Our arrival in Venice occurs at dawn. Grab a cup of coffee, lean over the top deck’s rail and marvel. Larger cruise ships are no longer allowed to dock in Venice, or even enter its lagoon. Megaships kept at bay, and ride at anchorage seven miles from St. Mark’s Square. The resulting tender ride to Venice takes an hour each way. Small to medium cruise ships continue to use Venice’s cruise terminal, which is located on the industrial tip of the island. What about La Belle? Our yacht-sized cruise ship is short enough to tie up in a prime position, within the pedestrian district a short stroll from St. Mark’s. As soon as we tie up a group of licensed guides will appear to provide informative 90-minute walking tours. The rest of the day is yours. If you care to return to the ship for dinner or lunch (or to drop off shopping treasures), it’s here for your convenience.

On our tour’s tenth morning (October 23, 2017) we’ll provide shuttles to the Venice’s VCE / Marco Polo International airport, which has a bike-capable checked luggage facility if you wish to visit other parts of Italy before flying home.

As I look back through this itinerary I wish I spent more time describing the amazing cycling. Will the rides be tough? No. After Jan and I spent weeks scouting and developing these rides, we tested them with two full boatloads of cyclists. Most were tandem riders, the type of cyclists famous to their aversion to hills. Each day’s easiest ride was not too tough. If any day’s activities leaves you fatigued, it’s too easy skip the next day of cycling. On mornings and/or afternoons of this tour casual riders can hop aboard Sergio’s picture-window touring coach. At those rare docks where Sergio’s bus can’t reach us, it’s because we’re at a place that’s best explored on foot. If you’re too tired to walk, the ship is a comfortable place to convalesce (it even has an elevator). Are you worried the rides will be too easy? Ha! Not one rider (out of nearly 400), conquered our full week of long options.

Will Santana repeat this tour in the future? Jan and I personally host Santana’s Adventures, and don’t want to visit the same places too often. If you can’t find a way to join us for the TERRY version 2017 (when we’ll only do this itinerary once), mark your calendar for October 2020!

What’s included? A 9-night / 10-day cruise in an outside stateroom with private bath and three full onboard meals per day (with beer or wine at dinner) is included with the basic per person double occupancy cruise rate that starts at $4795 (a price that’s $200 lower than three years earlier, when we only invited tandem riders and quickly filled a pair of back-to-back itineraries!). The cruise price includes all port fees, taxes and fuel surcharges. Santana’s subsidized package of off-ship extras adds $450 to cover an exhaustive list of activities (more than are shown in this itinerary), snacks, souvenirs, truffle-hunt lunch, performances, icebreaker photo book of your fellow participants, guides, tours, admissions and more. Santana also provides transfers between the ship and airports, any shuttles mentioned above, a pair of professional bike mechanics (one onboard and the other driving our tour’s SOS van) plus the ever-popular Sergio and his comfy motor coach. Electronic route files and detailed mapping for your compatible gps are also provided.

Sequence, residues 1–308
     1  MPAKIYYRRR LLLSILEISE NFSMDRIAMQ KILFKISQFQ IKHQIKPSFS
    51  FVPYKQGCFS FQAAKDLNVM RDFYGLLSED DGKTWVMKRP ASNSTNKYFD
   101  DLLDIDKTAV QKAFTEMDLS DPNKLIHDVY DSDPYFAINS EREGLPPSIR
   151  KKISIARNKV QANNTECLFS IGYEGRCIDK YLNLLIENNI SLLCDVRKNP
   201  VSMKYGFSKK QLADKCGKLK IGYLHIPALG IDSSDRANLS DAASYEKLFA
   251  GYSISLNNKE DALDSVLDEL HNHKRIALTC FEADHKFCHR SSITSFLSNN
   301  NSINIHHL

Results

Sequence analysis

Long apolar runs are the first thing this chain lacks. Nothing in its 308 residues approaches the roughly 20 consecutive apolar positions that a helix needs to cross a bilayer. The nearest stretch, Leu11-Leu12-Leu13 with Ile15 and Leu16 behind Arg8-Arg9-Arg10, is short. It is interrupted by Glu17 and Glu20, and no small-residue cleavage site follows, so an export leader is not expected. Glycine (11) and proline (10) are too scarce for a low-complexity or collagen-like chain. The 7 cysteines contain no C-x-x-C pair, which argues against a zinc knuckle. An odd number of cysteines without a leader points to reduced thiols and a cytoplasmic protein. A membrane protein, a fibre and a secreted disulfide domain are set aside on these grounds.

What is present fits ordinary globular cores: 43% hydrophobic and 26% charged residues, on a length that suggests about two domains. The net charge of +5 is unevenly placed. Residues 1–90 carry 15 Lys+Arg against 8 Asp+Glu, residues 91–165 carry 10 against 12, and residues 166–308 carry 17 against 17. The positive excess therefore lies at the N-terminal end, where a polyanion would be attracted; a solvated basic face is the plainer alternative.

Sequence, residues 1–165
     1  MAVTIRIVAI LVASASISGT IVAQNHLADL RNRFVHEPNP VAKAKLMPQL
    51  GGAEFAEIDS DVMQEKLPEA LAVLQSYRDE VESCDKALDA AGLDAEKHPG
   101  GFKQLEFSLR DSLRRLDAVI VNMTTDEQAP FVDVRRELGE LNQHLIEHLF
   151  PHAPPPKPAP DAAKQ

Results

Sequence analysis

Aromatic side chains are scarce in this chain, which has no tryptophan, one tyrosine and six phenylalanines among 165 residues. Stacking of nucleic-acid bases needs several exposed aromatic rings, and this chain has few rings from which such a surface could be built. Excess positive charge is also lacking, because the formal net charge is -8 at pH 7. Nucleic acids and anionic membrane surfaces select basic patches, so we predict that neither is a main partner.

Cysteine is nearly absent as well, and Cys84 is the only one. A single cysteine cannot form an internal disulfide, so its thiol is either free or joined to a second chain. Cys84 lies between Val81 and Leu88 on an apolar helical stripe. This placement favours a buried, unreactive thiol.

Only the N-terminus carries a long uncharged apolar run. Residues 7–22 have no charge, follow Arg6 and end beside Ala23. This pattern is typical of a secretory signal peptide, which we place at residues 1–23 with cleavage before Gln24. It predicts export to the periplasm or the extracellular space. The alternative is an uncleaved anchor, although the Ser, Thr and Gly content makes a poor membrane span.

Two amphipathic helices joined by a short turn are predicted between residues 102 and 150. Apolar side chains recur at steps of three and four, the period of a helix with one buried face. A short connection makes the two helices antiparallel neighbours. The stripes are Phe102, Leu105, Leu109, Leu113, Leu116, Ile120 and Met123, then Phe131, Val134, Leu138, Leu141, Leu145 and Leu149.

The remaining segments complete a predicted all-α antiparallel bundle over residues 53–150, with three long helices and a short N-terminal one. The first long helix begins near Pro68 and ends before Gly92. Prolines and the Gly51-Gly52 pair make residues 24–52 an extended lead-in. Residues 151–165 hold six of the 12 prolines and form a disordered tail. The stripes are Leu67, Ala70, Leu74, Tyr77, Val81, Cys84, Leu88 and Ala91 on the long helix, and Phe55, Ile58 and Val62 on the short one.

When you compare our cycling cruise with any other cycling tour of Croatia, you’ll see why our unique itinerary is apt to fill quickly—possibly in the next week. In this suddenly popular country (Backroads alone has 30 departures in 2017!) you’ll find prices that are 20% lower. The downside with the most popular hotel-based tours is that you’ll only get 6 days instead of 10. With these trips you’ll repack to move from hotel to hotel instead of unpacking once to enjoy a cruise-based vacation that’s 66% longer. Croatia’s best cycling? Sorry, other tours cycle the Dalmatian Coast or Istrian Peninsula—but never both. What’s more, they miss Venice, Bay of Kotor and three of the four countries included by Santana.

Do some staterooms cost more? Yes, but those at the standard price are fine (the modern and comfortable La Belle doesn’t have interior rooms, pull-out beds or bunks). If you want a slightly larger room with king-width bedding and an additional view window, the per person upcharge is an easily affordable $200.

Roomies? Our special-for-Terry booking portal will let individuals book a private or to-be-shared stateroom in any category. If you have a roomie in mind and they book in the next few days, you’re all set. If they fail to follow through you can cancel your booking within the 14 day no-risk period. If you’re a female who needs to share a room to make this event affordable, our daughter Pam will pair you with a female cyclist who has the same desire to travel